Timing for corn silage harvest is tricky. The question is how much starch to target?

“First, there is a lot of pressure on producing more starch per acre, and if you delay harvest, it's something you can achieve, because as the plant keeps maturing, starch content keeps increasing over and over,” said Luiz Ferraretto, assistant professor at the Department of Animal Sciences, University of Florida. “If you delay harvest, you may end up with more total starch per area which is really useful if you consider that the more starch you have in corn silage, the less grain you need to add to the diet.”

However, a delayed harvest and higher starch levels can also bring problems, like decreased quality.

“Time of harvest should be a balance between yield and quality, and unfortunately, as you delay harvest quality normally decreases for two reasons,” he said. “The first is, at the same time starch is accumulating, prolamin proteins are also accumulating in the kernels. They surround starch and inhibit digestion.”

Neither bacteria in the rumen nor the enzymes in the small intestines can reach the starch when prolamin proteins are surrounding it. So producers may end up with a theoretical increase in the level of starch in corn silage, but this starch is not accessible and therefore not beneficial for the dairy cows, he said.

The second issue caused by delayed harvest is also related to digestibility.

“As I said, the kernels are accumulating starch and prolamin proteins, and at the same time, the stover portion of the plant is still accumulating lignin,” he said. “If you increase the level of lignin, the probability that you will decrease NDF [neutral detergent fiber] digestibility is very high. So you may end up with lower starch and lower NDF digestibility rather than having more starch overall.”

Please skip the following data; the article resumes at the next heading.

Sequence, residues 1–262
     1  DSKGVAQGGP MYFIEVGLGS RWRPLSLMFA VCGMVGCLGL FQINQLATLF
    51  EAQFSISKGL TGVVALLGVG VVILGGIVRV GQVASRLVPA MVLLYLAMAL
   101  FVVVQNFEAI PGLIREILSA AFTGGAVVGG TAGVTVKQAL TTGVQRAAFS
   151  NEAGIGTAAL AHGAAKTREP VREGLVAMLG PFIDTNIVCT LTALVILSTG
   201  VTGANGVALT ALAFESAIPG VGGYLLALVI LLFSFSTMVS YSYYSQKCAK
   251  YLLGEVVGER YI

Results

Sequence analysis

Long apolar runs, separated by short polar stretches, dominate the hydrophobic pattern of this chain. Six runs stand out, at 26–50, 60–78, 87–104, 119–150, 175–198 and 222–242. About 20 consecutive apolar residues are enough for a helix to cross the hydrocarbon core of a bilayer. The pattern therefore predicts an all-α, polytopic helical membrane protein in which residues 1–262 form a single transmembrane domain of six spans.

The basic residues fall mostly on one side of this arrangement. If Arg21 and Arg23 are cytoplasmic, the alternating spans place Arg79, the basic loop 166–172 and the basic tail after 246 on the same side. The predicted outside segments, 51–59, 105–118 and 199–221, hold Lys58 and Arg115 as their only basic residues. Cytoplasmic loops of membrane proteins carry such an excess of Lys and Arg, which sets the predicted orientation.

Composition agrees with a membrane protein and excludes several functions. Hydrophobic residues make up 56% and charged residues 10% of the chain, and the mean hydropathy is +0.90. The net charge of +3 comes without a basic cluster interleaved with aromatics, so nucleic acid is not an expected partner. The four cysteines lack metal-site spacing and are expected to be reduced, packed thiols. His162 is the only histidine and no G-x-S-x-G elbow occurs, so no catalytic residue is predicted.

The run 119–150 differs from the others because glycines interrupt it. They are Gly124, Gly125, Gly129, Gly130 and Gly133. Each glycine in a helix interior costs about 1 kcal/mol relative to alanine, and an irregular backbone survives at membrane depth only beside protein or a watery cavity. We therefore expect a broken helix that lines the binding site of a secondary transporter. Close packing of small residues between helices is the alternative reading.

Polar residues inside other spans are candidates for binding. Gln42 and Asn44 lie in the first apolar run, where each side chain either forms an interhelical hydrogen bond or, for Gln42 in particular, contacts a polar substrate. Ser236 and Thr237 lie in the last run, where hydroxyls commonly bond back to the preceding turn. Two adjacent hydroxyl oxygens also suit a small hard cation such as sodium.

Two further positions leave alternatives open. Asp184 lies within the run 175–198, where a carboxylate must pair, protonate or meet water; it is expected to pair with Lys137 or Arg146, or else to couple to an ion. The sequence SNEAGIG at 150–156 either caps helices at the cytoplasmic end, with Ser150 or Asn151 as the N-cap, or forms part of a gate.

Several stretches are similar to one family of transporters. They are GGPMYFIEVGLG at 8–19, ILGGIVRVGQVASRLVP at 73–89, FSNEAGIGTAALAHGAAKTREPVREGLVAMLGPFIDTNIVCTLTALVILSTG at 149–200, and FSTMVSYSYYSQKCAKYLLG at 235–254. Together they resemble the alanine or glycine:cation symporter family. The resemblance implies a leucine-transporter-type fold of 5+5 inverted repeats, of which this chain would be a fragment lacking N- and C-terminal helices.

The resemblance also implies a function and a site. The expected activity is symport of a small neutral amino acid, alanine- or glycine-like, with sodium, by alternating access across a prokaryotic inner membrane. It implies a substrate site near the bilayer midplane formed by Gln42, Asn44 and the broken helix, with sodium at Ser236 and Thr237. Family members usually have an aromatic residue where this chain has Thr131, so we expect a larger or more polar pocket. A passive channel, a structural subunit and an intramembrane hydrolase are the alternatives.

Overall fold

An additional concern is that dry matter content is accumulating every day. If there is a decision to harvest later to achieve more starch, or if harvest is delayed due to weather or a broken harvester, the result could be very dry material, which can impact fermentation.

“When silage is too dry, uniformity of particles at harvest is much lower, so sometimes you end up with very long particles in the silo that can compromise packing density. Therefore the silo has more oxygen inside, and it takes longer to start the fermentation process,” Ferraretto noted.

Also, when the silage material is too dry, fermentation is poor because bacteria in the silo needs water to move across the silo as well as to replicate.

“The dry material creates more oxygen and poor conditions for bacterial growth. Fermentation is much worse when you delay harvest,” he said.  “You lose the benefits of the fermentation process – to get a better preservation and to help increase digestibility.”

Ferraretto says to target timing to maximize quality, because high forage quality helps to formulate the diet.

“Normally my recommendation is to start with half of kernel milk line or about 33% to 35% dry matter so you don't end up with very dry material,” he concluded. “To have more starch is great, but the problem is you don't have more digestible starch. From a nutritional perspective, the focus should be on starch digestibility rather than content.”